What are events?
Suppose you click a button on a webpage, type in some letters in a text box, perform swiping gestures across the screen, or just simply scroll across the webpage; you're essentially performing certain actions on the webpage.
As we've seen before, the action can be clicking a button, typing text, swiping or even scrolling around, and way more than this. The action can either be a physical action carried out by the user, or an internal action carried out by the browser itself, like the completion of a resource's loading.
To get even simpler, an event is just something happening within the webpage - something that can be responded to, for instance showing an alert box on the click of a button.
As you might realise, the list of all such possible actions that can happen on a webpage is exhaustive - and so are events.
To get a realisation of this fact, consider doing a very simple exercise - just name 10 different actions you think can happen on a webpage and note them down on a piece of paper. See if you are able to only end at 10 - you'll more than likely go running past this limit!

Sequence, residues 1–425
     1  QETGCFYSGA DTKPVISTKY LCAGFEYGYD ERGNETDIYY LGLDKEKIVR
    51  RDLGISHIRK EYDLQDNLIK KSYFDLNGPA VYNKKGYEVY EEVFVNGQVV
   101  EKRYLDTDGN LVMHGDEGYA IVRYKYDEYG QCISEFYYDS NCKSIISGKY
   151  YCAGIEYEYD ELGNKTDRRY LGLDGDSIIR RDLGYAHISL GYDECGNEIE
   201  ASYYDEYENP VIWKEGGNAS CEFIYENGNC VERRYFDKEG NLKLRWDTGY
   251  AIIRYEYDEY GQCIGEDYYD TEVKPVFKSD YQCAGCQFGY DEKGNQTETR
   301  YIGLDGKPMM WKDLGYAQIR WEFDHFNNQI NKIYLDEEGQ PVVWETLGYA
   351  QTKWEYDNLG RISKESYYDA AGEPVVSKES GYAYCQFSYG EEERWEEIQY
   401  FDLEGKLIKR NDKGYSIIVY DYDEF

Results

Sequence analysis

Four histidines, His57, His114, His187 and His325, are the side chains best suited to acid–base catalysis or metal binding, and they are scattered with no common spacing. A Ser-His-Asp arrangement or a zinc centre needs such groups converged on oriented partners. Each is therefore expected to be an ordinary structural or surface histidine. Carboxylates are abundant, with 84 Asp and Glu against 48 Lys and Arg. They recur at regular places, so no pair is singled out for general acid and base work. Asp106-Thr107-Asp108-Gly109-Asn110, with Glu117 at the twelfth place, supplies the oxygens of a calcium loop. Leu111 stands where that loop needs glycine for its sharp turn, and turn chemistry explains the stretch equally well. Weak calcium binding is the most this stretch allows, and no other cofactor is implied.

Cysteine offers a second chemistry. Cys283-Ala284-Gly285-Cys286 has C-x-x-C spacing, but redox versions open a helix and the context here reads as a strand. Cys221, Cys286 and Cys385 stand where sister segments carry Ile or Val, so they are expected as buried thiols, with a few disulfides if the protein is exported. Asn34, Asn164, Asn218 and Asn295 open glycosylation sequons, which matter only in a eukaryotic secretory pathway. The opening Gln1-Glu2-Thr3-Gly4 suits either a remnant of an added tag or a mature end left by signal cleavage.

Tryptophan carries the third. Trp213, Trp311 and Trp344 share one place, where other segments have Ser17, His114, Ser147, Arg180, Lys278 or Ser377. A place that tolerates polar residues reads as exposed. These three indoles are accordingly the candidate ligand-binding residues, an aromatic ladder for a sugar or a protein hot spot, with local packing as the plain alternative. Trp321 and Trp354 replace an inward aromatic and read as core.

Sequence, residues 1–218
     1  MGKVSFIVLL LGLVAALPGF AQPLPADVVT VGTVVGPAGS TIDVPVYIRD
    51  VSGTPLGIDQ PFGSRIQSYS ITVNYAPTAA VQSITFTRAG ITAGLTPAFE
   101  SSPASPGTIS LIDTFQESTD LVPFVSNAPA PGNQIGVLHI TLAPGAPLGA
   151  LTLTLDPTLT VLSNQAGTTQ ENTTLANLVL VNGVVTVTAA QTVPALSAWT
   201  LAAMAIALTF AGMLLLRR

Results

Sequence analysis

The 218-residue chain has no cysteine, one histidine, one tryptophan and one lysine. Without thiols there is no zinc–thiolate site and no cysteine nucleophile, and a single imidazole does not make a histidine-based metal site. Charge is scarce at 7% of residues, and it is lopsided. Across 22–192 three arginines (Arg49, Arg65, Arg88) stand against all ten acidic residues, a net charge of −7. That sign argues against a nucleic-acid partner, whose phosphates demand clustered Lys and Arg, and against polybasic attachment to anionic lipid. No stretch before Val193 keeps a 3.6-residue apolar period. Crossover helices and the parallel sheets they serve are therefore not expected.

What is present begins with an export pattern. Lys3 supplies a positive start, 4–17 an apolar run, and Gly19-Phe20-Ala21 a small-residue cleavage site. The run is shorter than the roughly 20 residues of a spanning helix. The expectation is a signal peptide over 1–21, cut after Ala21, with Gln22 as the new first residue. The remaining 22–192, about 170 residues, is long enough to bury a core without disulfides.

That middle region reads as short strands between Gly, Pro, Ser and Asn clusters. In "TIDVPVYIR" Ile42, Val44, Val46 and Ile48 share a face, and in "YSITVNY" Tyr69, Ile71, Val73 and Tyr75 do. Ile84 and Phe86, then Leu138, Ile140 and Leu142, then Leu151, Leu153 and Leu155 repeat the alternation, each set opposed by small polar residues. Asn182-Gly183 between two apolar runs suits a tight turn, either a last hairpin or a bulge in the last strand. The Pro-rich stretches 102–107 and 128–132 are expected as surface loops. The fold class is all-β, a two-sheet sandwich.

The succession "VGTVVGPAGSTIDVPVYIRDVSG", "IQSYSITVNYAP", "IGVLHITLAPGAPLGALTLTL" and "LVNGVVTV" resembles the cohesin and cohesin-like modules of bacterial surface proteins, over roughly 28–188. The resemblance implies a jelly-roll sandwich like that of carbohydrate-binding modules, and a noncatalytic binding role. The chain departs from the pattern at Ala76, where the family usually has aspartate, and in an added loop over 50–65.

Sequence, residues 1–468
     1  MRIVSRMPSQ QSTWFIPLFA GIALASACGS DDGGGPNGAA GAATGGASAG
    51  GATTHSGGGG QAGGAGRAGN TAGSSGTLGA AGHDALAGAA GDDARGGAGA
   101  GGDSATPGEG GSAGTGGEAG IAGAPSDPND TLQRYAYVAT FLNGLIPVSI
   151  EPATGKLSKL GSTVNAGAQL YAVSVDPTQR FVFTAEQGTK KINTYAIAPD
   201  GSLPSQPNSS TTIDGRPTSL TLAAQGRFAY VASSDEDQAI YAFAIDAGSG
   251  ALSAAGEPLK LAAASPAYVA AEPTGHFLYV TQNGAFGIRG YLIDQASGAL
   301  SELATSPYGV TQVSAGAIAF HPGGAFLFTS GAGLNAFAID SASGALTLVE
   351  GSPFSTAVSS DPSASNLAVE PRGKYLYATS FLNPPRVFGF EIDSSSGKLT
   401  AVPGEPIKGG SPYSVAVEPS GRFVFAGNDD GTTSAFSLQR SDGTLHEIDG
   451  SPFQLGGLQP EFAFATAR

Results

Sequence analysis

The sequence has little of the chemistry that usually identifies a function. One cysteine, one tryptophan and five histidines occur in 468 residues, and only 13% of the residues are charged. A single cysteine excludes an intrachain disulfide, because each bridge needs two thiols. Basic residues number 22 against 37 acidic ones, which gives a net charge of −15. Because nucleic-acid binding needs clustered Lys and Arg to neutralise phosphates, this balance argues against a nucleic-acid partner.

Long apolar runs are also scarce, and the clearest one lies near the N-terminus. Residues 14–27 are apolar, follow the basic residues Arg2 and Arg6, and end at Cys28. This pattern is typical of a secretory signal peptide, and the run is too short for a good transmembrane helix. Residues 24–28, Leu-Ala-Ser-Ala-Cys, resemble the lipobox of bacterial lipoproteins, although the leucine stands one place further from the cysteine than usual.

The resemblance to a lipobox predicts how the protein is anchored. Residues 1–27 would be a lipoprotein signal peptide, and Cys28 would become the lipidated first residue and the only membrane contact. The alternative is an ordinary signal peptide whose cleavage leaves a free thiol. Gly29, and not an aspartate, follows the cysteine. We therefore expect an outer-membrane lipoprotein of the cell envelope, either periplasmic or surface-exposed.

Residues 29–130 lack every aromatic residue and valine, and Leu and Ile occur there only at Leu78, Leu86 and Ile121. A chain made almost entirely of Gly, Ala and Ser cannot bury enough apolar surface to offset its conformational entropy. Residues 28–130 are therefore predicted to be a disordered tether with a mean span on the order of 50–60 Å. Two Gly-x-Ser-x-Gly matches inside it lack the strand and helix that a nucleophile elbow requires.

Now before we move on to explore it, we have to first unravel the question: why we even need events?
Why we need events?
This is the idea on which events operate: monitor an action and then execute some code once it happens. Truly, an extremely simple and natural idea!
Events emulate a webpage as being an interactive object - with whom a user can communicate with, at his/her actions. Just carry out some actions and then see the webpage respond to them.
Without events a webpage is just a static display of HTML, nothing more than that. Imagine visiting a webpage with no event at all - you can't interact with literally anything, it's just the content to be read. There's no interactivity, no user experience, and at the end of the day no excitement about the website.
In the coming chapters, we'll start by discovering the various ways to assign event handlers to HTML elements, using event properties and listeners; before diving into some more involved topics such as event objects and event propagations. After covering all this, we'll finally head over to consider some real events in action, and see the numerous applications where there used.
To say it in one sentence: it's a unit of joy!